Many people here, especially big Tesla fans, know either what an FPV drone is, or have seen footage from one. After the video from Tesla Germany, it’s hard to not be impressed.
While this isn’t lifesaving or doing anything amazing like some of our other stories on electric aviation, it’s still highly impressive. As a drone pilot who mainly does photography, it’s seriously impressive what FPV drones and their pilots are capable of. Between pilot skill and experience and the drones’ anti-collision technology (and propeller guards for when you do hit things), the moves these drones can make are nothing short of epic.
But, Ukrainian soldiers have found a way to use the technology in a way most of us didn’t predict.
Ukrainian Drones, & Why They Use Them
If you’ve been following the war in Ukraine, you’ve probably seen the innovative ways they’re using civilian drones for a serious impact on Russian troops. For example, they’ve been using them as forward observers to guide artillery fire and walk it into the target.
They’ve also been used to deliver grenades directly to Russian positions, often the tops of tanks where they’re the weakest. In one particularly daring case, they managed to drop a grenade right into an open hatch to make quick work of a tank that grenades shouldn’t seriously damage.
#Ukraine: Finally a first loss of a Russian T-62M tank in the South.
How? A RGD-5 grenade in a special fish bait bomb was dropped right in a hatch from a Ukrainian drone. pic.twitter.com/4oNf4MBcRt
— 🇺🇦 Ukraine Weapons Tracker (@UAWeapons) July 6, 2022
The advantage to drones (and the primary reason we’ve seen them used like this) is that they don’t have to put any soldiers in harms way to accomplish these attacks. The drone can get right in close to the action, and no matter how badly the drone takes a hit, nothing will happen to its operator or the people depending on the information from it.
The other thing that’s great about civilian drones for these kinds of missions is that they’re cheap. If they cost millions of dollars each, Ukraine wouldn’t be able to afford to lose them. Taking only minor losses whenever the Russians manage to hit one of the small craft makes it affordable to not only fly them, but to lose them over and over.
Now, They’re Using FPV Drones
#Ukraine: The 93rd Brigade of Ukraine showed the use of a very interesting cheap commercial drone converted to kamikaze role. Such drones carry a very small payload and are used mostly against personnel.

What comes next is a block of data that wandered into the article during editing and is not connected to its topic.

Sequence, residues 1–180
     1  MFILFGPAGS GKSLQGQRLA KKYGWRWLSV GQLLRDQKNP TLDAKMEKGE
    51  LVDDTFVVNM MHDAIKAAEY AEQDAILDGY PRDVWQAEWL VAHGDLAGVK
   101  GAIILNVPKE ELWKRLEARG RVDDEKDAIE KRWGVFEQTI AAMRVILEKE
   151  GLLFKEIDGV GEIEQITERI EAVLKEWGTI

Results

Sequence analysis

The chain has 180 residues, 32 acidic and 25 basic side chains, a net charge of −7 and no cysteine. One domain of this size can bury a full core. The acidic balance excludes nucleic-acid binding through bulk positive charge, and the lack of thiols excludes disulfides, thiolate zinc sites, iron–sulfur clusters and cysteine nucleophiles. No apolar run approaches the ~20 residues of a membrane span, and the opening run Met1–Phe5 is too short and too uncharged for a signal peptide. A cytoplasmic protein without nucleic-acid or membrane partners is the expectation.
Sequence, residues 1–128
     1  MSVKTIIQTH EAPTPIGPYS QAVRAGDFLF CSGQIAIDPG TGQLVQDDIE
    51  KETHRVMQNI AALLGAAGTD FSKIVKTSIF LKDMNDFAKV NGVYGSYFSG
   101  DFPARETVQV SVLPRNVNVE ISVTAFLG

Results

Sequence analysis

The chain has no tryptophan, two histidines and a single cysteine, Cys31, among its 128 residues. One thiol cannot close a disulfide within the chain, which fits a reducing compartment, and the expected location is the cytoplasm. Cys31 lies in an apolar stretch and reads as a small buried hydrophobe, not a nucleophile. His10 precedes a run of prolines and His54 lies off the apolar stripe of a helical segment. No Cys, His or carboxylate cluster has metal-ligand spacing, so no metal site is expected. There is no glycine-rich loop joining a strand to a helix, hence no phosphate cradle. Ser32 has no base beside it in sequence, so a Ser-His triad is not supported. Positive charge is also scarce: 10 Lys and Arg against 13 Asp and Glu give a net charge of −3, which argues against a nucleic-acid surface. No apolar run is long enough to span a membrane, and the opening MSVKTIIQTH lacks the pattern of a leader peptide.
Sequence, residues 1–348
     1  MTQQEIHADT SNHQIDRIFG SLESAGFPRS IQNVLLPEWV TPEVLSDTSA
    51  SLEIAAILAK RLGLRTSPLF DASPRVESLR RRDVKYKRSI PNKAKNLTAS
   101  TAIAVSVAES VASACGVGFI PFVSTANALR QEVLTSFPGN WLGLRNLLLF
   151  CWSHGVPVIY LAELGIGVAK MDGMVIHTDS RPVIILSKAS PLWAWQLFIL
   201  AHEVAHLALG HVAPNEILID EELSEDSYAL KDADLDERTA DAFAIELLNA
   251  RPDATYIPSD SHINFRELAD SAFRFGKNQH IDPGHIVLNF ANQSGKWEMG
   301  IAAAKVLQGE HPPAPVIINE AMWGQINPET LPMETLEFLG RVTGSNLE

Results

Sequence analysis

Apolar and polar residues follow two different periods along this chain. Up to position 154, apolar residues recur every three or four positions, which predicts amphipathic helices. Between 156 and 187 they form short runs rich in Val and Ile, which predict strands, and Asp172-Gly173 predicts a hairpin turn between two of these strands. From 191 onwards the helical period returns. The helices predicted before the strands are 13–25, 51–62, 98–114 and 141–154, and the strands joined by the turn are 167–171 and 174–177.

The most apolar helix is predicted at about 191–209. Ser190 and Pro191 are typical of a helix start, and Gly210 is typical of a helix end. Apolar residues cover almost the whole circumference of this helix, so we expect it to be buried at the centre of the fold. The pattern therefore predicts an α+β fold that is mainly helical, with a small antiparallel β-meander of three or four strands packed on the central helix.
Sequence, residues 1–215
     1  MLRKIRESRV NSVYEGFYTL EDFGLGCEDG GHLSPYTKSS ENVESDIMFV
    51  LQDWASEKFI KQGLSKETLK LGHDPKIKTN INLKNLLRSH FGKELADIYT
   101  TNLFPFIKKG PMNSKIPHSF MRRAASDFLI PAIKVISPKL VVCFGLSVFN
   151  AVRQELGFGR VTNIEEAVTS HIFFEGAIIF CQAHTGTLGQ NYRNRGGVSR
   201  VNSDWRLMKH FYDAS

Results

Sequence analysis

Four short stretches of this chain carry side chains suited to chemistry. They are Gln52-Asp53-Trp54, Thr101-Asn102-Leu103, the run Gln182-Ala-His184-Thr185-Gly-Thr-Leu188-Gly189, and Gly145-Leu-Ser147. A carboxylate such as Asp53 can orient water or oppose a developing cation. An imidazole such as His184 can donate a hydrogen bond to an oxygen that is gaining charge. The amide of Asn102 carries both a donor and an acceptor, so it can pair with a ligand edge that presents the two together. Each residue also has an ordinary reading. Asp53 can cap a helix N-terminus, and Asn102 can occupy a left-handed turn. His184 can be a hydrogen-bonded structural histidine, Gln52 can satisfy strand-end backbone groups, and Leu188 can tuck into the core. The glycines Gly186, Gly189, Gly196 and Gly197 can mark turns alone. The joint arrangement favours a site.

Note that the operator is receiving video output via special FPV goggles. pic.twitter.com/j06zU6nZk4
— 🇺🇦 Ukraine Weapons Tracker (@UAWeapons) July 29, 2022
Sending an FPV drone in with a plan to lose it might not seem like a wise strategy, but that’s only if you’re not familiar with the danger of approaching a building with people inside who want to kill you. Even if you manage to get inside, you then have to clear every room and every place people inside might hide from you. What we’re basically looking at here is a task that almost 400 Texas cops recently shied away from for over an hour.
In other words, it’s dangerous work that nobody wants, and now Ukraine’s troops found a way to avoid the task in much the same way Dallas police did a few years ago. In that case, a bomb squad robot was used to kill a man who had been hunting police and was now cornered in a place he couldn’t be removed from without incurring more deaths to law enforcement. Even then, it was a controversial move.
The advantage Ukraine’s troops have over police is that there’s no question of whether you’re allowed to use the robot to kill. War, especially when it’s over your homeland, runs by a very different set of rules.
Either way, this use of drones won’t save any Russian lives, but it does save the lives of Ukrainians and weakens the enemy without putting their own people in harm’s way. It’s an ugly fight, but it’s not something they can run away from.
Featured image: a screenshot from the FPV drone’s onboard camera as it approaches the door of the building Russian soldiers are hiding in.
Appreciate CleanTechnica’s originality and cleantech news coverage? Consider becoming a CleanTechnica Member, Supporter, Technician, or Ambassador — or a patron on Patreon.
Don’t want to miss a cleantech story? Sign up for daily news updates from CleanTechnica on email. Or follow us on Google News!
Have a tip for CleanTechnica, want to advertise, or want to suggest a guest for our CleanTech Talk podcast? Contact us here.